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Ancient Sunlight

December 1, 2014

This autumn I’ve been working at St James School in Exeter, two sessions a week for five weeks, with printmaker Catherine Cartwright and two groups of five students aged 14 to 15. Both she and they have been a joy to work with. A small room in the Art Department, complete with etching press, was allocated for our use.


We assembled a suitcase-library of books for the young people to refer to.

Suitcase library

We hung up their prints and covered the walls with poems, articles and other sources of inspiration, and more of the young people’s work.

Prints 2

Photo by Catherine Cartwright

Photo by Catherine Cartwright

During the penultimate week I edited the students’ poems into a single long poem for the Book of Justice. My experience as one of the editors for the Actaeon collaborative project proved very useful at this stage. During the final week the young people printed their words in monotype drawing, wiping-out monoprint and drypoint etching, and during an after-school session together we created a huge collage of photocopies of the work.


The project is a product of Kaleider, a local Community Arts organisation. To quote from their website,

Ancient Sunlight is a project about the oil age.
In autumn 2014 hundreds of young people will work with Kaleider to write a book: Ancient Sunlight – The Exeter Book.
The book will contain stories of now: stories of Justice, Food, Leadership, Technology and Love in the oil age. Each of these themes makes up a separate book in the Book of Ancient Sunlight and each book is led by a different artist: David Lane (technology), Catherine Cartwright (justice), Sally Flint (food), Amy Shelton (love), and Shona Morton (leadership). Daisi has helped us connect with many schools across exeter where the artists will be leading the development of the book with the help of scientists, other artists, academics, and technologists.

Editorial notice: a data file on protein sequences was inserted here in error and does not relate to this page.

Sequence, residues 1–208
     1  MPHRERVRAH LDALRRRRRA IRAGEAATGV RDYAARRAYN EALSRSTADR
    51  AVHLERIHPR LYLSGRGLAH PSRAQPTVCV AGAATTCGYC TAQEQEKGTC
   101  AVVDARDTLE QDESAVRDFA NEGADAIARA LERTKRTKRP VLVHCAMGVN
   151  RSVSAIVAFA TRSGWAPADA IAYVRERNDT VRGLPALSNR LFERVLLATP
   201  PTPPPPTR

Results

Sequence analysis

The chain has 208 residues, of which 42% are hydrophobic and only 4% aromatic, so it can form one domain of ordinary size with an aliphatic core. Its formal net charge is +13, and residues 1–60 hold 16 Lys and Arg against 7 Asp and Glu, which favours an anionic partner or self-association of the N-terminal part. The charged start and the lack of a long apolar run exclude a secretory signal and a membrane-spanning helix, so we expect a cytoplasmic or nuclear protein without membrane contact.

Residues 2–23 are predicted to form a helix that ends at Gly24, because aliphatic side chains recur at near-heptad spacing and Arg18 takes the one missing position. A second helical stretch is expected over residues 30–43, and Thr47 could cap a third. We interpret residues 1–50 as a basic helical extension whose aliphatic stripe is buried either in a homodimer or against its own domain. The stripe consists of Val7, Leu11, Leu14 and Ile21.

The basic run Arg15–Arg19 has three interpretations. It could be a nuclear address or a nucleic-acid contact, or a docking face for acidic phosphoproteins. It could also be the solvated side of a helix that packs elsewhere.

Then in Spring 2015 Kaleider and Bournemouth Symphony Orchestra will work with more young people from 4 secondary schools to develop a symphony in 5 parts in response to the book of Ancient Sunlight.
We then plan to use the book and the symphony to make an outdoor show that interrupts the flow of Exeter on a grand and joyful scale.
Ancient Sunlight will involve as many children and young adults as we can, 3 universities, 1 Met Office, 1 symphony orchestra, 1 Daisi, at least 2 robotics artists, 5 robots, 1 dramaturg, several animateurs, 1 publisher, 1 Children’s Literature Festival, 1 library, many artists, producers and technicians, and with luck, several thousand audience members.
And lots of hope.


There were many bonuses for me. One was this walk through autumn woodland between the school and the station. Another was spending time with Catherine and her lovely family on the occasions when I stayed over between the Monday and Wednesday sessions. Catherine is one of many friends I’ve met through the ever-evolving project Al-Mutanabbi Street Starts Here.

See also the post “Sunlight in Exeter“.

One Comment leave one →
  1. December 1, 2014 7:33 pm

    What a brilliant project, Ama, the book and symphony together will be extraordinary.

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